Melissa and Doug toys have become known for not just quality, but for their educational value. With wooden block toys as diverse as trains and cooking sets, however, it’s easy to forget the value of one of their first and most popular toy sets: building blocks.
Building blocks are a valuable toy at any age, though materials can vary. Younger children should only use soft building blocks for safety. Around fifteen months or so, though, most toddlers are ready to graduate to sturdier building blocks.
There are many reasons to encourage your child to play with building blocks. One of the best is that building blocks encourage social play, which teaches children how to interact with people, and the world in general. Good examples of social play with building blocks include: getting children to build block towers in teams, using alphabet or numbered blocks to build verbal social skills (what’s this number? etc.), hiding blocks for a group scavenger hunt, block bowling (use a soft ball to minimize damage), and imagination activities (such as building a house and peopling it with other toys).
A good way to get your child started with building blocks is to encourage them to build a tower. Divide the blocks then let children take turns placing them. Let the children decide how to divide the blocks--encourage them to communicate. Suggest each pick blocks based on their favorite color, and ask questions. Soon, the children will be asking questions of their own.
Games that involve a lot of noise and action--such as block bowling--are another great way to get children talking. Help children set up the blocks together, then, instead of “conventional” bowling, have them try and knock down all the blocks together. Similarly, scavenger hunts help children work together and build social skills. Hunting for blocks around the house or garden not only helps children work together, it also helps them communicate about working together--you search the couch while I search under the big chair. This sort of team work is the basis of early social interaction.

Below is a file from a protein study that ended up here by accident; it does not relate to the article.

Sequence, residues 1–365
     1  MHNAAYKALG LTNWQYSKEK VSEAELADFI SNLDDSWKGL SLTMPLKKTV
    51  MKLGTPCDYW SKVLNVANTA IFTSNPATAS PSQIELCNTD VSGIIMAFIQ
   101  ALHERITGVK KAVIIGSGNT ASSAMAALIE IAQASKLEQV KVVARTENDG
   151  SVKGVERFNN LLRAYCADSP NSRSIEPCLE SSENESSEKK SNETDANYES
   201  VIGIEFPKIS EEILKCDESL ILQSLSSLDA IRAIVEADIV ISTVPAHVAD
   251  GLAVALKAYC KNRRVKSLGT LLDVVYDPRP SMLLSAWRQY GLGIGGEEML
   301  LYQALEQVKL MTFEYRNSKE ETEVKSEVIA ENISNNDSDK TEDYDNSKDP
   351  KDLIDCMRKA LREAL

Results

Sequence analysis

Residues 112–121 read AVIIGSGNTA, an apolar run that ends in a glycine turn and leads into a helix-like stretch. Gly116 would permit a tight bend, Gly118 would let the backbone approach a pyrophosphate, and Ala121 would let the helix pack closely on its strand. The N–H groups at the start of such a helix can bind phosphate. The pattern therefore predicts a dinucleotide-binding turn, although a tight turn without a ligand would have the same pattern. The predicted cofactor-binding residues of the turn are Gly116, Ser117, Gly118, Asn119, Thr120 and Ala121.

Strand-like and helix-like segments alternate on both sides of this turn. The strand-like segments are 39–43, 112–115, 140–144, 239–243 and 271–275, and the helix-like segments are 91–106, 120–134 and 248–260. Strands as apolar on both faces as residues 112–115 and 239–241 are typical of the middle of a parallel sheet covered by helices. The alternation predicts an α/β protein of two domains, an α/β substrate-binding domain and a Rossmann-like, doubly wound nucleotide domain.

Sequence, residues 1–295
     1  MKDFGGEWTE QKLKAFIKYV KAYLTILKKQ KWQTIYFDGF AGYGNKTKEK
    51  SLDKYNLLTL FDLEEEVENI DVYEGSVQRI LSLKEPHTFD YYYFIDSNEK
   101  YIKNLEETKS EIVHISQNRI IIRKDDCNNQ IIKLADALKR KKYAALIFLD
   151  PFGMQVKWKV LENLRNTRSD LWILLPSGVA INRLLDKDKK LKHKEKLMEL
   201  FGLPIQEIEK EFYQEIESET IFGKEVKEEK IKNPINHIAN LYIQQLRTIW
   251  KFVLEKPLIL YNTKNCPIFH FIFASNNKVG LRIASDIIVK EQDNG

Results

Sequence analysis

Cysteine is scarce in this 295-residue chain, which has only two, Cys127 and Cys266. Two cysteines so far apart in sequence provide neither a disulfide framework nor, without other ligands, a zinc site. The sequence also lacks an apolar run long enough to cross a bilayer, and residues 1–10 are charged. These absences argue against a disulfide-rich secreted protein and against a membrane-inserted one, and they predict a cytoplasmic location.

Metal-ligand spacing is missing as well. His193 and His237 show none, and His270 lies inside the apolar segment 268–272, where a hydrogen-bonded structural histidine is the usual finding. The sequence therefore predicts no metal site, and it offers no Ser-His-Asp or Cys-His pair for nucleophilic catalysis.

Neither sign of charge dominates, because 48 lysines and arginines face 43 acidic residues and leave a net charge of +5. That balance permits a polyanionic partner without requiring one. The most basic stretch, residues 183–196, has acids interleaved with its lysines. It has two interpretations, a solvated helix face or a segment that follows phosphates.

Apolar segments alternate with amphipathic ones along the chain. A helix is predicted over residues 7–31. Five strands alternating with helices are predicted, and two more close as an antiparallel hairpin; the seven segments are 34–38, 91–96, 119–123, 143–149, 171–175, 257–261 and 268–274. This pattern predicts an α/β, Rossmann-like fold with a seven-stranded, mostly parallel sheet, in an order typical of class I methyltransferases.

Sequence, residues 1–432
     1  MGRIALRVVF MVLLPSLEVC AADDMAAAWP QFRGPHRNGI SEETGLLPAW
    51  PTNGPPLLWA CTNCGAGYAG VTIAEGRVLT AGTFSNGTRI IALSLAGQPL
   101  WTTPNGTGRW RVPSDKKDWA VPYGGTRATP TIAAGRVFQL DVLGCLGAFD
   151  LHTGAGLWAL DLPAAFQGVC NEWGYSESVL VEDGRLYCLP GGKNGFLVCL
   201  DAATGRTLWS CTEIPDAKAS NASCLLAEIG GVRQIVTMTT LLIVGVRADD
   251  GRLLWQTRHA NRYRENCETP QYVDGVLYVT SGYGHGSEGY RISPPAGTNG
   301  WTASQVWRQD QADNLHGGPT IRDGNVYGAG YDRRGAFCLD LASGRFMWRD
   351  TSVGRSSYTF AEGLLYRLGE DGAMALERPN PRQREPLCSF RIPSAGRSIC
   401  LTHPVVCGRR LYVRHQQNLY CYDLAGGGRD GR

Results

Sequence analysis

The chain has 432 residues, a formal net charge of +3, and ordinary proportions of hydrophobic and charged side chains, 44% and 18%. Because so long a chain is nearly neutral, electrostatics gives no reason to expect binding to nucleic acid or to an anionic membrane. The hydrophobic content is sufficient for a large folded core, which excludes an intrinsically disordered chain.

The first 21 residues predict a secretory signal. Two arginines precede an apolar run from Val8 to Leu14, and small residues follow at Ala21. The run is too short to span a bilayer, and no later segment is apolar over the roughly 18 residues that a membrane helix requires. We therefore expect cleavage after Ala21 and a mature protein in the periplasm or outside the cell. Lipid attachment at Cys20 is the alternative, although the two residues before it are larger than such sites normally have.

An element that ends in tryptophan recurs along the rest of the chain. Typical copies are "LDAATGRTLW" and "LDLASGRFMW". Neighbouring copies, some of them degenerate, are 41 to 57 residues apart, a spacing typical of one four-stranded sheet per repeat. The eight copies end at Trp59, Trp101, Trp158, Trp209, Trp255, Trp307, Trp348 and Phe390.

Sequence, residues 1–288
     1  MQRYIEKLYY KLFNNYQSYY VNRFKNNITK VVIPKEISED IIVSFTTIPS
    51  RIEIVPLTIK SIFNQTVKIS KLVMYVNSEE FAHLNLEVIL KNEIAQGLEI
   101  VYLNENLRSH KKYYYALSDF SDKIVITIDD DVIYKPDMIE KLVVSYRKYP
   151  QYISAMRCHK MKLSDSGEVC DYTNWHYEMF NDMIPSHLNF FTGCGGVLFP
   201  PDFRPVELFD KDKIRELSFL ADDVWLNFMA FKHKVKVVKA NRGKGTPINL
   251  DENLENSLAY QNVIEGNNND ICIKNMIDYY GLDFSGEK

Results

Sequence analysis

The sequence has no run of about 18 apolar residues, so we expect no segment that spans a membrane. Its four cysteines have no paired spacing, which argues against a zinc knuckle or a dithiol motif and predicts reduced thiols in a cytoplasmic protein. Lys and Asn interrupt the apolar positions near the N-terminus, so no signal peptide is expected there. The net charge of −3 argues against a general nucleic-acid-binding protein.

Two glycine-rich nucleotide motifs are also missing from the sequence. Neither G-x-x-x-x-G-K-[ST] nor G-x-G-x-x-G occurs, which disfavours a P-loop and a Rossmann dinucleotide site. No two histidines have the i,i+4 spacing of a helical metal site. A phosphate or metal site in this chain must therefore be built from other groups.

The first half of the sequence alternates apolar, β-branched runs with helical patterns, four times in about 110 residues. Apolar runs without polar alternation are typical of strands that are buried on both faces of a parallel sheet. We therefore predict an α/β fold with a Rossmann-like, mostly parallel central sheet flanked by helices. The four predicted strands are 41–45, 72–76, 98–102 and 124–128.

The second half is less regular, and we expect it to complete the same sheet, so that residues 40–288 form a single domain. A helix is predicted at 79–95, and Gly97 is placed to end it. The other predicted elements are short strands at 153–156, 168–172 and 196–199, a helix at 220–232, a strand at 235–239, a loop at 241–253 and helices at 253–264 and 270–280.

Whether you use building blocks from Melissa and Doug or any other brand, the educational benefits are great. The give-and-take inherent in using building blocks as a group is an important part of social interaction, and one that should be emphasized in all kinds of play. The language skills involved in group building play--can I have the blue one?--are also an invaluable part of childhood social development.
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Joe Kanooga is a father of two kids, a successful business owner and the author of numerous articles about building blocks. Click here to download our free Melissa and Doug guidebook filled with tips, ideas and information.
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